Yes, there are 200 days left before November 27, 2023, the FDA's final enforcement deadline for the Drug Supply Chain Security Act.
Is that a lot of time? Yes — if you use it well. The answer depends on how prepared you are already, and what you're going to do in the remaining few months.
And note that that time isn't just yours, as onboarding DSCSA requires cooperation internally and externally. Think about timing windows: people tend to go on vacation over the summer, and in the weeks before November, ramp up critical quarterly and end-of-year efforts. Planning for DSCSA doesn't occur in a vacuum, but relies on careful coordination within your company and among your partners.
Here are a few ways to make sure you're getting the most out of that time — and not letting any of it go to waste.
Before you can make any moves toward DSCSA compliance, you need to get a full view of what's expected of your organization.
Though the same essential concepts affect all pharmaceutical trading partners — interoperability, serialization, EPCIS, exchanging data before or during a physical transaction, reporting illegitimate products to the FDA — there are factors that are unique to each trading partner type, as defined in the FDA's July 2022 guidance.
Get a quick look at these from our trading partner pages:
However, you can take your prep even further by attending our expert-led training programs, like our free monthly webinar for dispensers starting May 18, or our complete DSCSA 101/201 and 301/401 training track, next occurring June 7-8. Check our Events page for more!
It might be tempting to believe that not much will change on November 27, but that just isn't true. DSCSA serialization is transformational, and its measures are in place to ensure that suspect, illegitimate, diverted, or recalled medications don't make their way through the supply chain to patients. As such, industry cooperation is essential and will be enforced, both by regulators and by your trading partners.
As an expert from law firm Arnold & Porter told Regulatory Focus, you can expect FDA inspections to cover DSCSA compliance, including trading with Authorized Trading Partners, having interoperable data connections, exchanging data ahead of transactions, and using product identifiers.
Your trading partners will expect you to comply with DSCSA, and some take the deadline so seriously that they're enforcing their own penalties for not meeting onboarding deadlines far in advance of November. This is because failing to comply will seriously disrupt business, and compliance is a team effort.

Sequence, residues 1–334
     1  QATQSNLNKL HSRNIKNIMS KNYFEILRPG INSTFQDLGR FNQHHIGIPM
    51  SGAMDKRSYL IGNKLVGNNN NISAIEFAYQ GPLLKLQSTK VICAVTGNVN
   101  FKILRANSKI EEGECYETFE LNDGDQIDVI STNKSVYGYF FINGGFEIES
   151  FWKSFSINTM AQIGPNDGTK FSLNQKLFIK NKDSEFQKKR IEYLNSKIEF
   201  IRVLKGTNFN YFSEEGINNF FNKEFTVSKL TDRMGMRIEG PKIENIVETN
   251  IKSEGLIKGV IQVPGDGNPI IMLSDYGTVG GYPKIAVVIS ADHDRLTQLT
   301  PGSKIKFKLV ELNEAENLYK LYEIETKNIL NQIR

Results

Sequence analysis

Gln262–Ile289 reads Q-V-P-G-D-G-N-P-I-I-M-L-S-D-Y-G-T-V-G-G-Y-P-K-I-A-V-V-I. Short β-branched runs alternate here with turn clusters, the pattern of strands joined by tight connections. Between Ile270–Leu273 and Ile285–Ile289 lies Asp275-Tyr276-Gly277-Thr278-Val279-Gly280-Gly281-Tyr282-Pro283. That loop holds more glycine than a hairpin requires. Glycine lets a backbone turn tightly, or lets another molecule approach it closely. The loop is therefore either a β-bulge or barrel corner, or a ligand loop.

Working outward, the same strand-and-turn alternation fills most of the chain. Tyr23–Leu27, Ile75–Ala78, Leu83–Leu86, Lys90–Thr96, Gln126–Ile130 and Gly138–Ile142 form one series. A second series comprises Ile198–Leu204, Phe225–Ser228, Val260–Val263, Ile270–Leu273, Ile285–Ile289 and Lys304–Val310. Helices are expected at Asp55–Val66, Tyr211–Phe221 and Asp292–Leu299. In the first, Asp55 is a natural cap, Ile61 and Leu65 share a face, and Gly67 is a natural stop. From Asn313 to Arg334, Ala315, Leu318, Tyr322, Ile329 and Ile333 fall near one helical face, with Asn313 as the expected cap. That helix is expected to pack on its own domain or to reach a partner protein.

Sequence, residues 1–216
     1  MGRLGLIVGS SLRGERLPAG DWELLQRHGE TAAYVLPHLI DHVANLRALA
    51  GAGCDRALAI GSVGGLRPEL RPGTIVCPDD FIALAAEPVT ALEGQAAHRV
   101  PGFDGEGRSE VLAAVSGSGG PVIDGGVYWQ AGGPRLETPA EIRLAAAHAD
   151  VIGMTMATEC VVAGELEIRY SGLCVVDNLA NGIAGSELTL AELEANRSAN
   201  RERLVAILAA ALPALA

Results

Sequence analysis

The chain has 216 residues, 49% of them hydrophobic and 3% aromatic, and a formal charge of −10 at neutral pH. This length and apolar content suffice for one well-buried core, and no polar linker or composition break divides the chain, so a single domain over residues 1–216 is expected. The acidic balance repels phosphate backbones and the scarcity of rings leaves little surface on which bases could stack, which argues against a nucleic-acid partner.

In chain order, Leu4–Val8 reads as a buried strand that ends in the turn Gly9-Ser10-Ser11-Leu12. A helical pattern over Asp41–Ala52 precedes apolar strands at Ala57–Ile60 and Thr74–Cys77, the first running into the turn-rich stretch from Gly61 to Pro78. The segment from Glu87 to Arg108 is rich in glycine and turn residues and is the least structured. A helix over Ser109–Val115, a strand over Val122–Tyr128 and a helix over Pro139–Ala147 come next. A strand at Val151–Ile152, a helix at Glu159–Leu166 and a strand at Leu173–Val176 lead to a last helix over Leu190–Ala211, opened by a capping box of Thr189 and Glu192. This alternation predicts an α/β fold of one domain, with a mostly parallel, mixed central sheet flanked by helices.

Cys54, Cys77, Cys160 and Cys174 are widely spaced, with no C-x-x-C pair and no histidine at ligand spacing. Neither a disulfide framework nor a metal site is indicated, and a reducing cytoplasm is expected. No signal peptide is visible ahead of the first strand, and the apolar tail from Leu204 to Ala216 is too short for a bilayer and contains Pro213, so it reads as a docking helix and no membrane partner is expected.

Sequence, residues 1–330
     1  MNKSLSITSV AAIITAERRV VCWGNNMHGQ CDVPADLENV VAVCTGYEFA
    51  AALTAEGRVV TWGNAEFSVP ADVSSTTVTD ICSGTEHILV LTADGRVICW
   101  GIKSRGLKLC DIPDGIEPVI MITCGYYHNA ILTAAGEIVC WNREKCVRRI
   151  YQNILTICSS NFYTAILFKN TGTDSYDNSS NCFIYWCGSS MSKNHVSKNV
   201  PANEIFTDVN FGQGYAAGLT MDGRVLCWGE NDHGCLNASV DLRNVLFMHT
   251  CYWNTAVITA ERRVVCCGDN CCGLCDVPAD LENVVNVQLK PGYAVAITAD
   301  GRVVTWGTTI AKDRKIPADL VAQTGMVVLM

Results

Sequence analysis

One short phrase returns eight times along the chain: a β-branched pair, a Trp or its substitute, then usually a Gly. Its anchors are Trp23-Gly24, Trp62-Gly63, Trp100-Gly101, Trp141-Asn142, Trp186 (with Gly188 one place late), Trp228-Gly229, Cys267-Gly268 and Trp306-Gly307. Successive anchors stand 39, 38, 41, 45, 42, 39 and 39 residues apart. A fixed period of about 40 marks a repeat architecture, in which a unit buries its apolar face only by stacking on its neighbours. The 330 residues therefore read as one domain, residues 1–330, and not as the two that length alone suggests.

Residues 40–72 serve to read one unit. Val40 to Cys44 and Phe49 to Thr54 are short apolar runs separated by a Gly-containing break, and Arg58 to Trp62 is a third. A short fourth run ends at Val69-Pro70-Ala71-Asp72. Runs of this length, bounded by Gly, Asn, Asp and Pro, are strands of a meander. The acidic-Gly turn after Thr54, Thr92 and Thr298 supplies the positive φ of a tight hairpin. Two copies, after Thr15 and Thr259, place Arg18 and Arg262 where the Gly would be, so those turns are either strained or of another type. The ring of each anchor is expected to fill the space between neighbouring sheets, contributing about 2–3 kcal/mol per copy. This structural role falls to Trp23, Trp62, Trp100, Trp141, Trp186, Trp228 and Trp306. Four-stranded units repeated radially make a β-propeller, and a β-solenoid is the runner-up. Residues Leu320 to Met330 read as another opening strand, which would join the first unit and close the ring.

Any product that arrives without EPCIS data must go into quarantine, and if you can't send or receive the data, you can't send or receive any product. So, it's understandable that some trading partners take such measures to protect their business — they need to know who's going to be ready and who's going to be a problem.
Since onboarding can take weeks or months for each connection, start now if you haven't made progress yet!
If your provider told you they can't establish EPCIS onboarding with certain trading partners, they're wasting time. First, your provider's limitations should not affect who you do business with. Second, that's not how interoperability works.
All serialization and traceability solutions must be interoperable. There won't be a separate system for continuing outside DSCSA data. Interoperability is a must, and EPCIS onboarding must be done for every company with whom you exchange goods.
These connections enable the traceability and supply chain visibility that the law was written to create. So, a DSCSA provider who won't work with one or more of your current trading partners is not solving your problems, but creating many more. Address this now rather than letting it put your efforts behind schedule.
You'll need a playbook for DSCSA exceptions, the discrepancies between product and order data. These might seem like everyday annoyances at present, but after November 2023, they can stop product movement, a factor that can incur new business costs and require large amounts of time and labor to fix.
Under DSCSA, missing transaction data, or any mismatches with the product they describe, must be resolved before a shipment can be cleared. This means that a showstopping exception can force tough choices on how to deal with product, including whether it ought to be quarantined temporarily, returned to the sender, or even destroyed. And each of those scenarios causes additional problems, since none of them result in the medication reaching the patient in a timely fashion.
The rate of exceptions will only escalate this year as we approach the deadline, and more trading partners begin exchanging and processing serialized data. So, the only way to minimize supply chain disruptions is to to put in place strong resolution, collaboration, and prevention processes.
Preparing an exceptions management solution now will save you massive amounts of time and frustration later on.
Yes, we're talking about LSPedia here — and with good reason. Our technology is cloud-based and system-agnostic, meaning that there won't be any limitations around your ERP system or any other existing tools.
We'll form interoperable connections with any of your trading partners, and will ensure that you're not only fully compliant, but have the resources to lead the process with your partners who aren't up to speed. In addition to establishing these connections conveniently, we also work with SAP to offer pre-tested, qualified connections that can make the process a snap.
Further, our Investigator technology is the industry's leading solution for exceptions management, ensuring that you're automatically notified of any transaction problems and fully equipped with solutions, including a guided resolution process.
Make these 200 days count — reach out to the LSPedia team today to get started.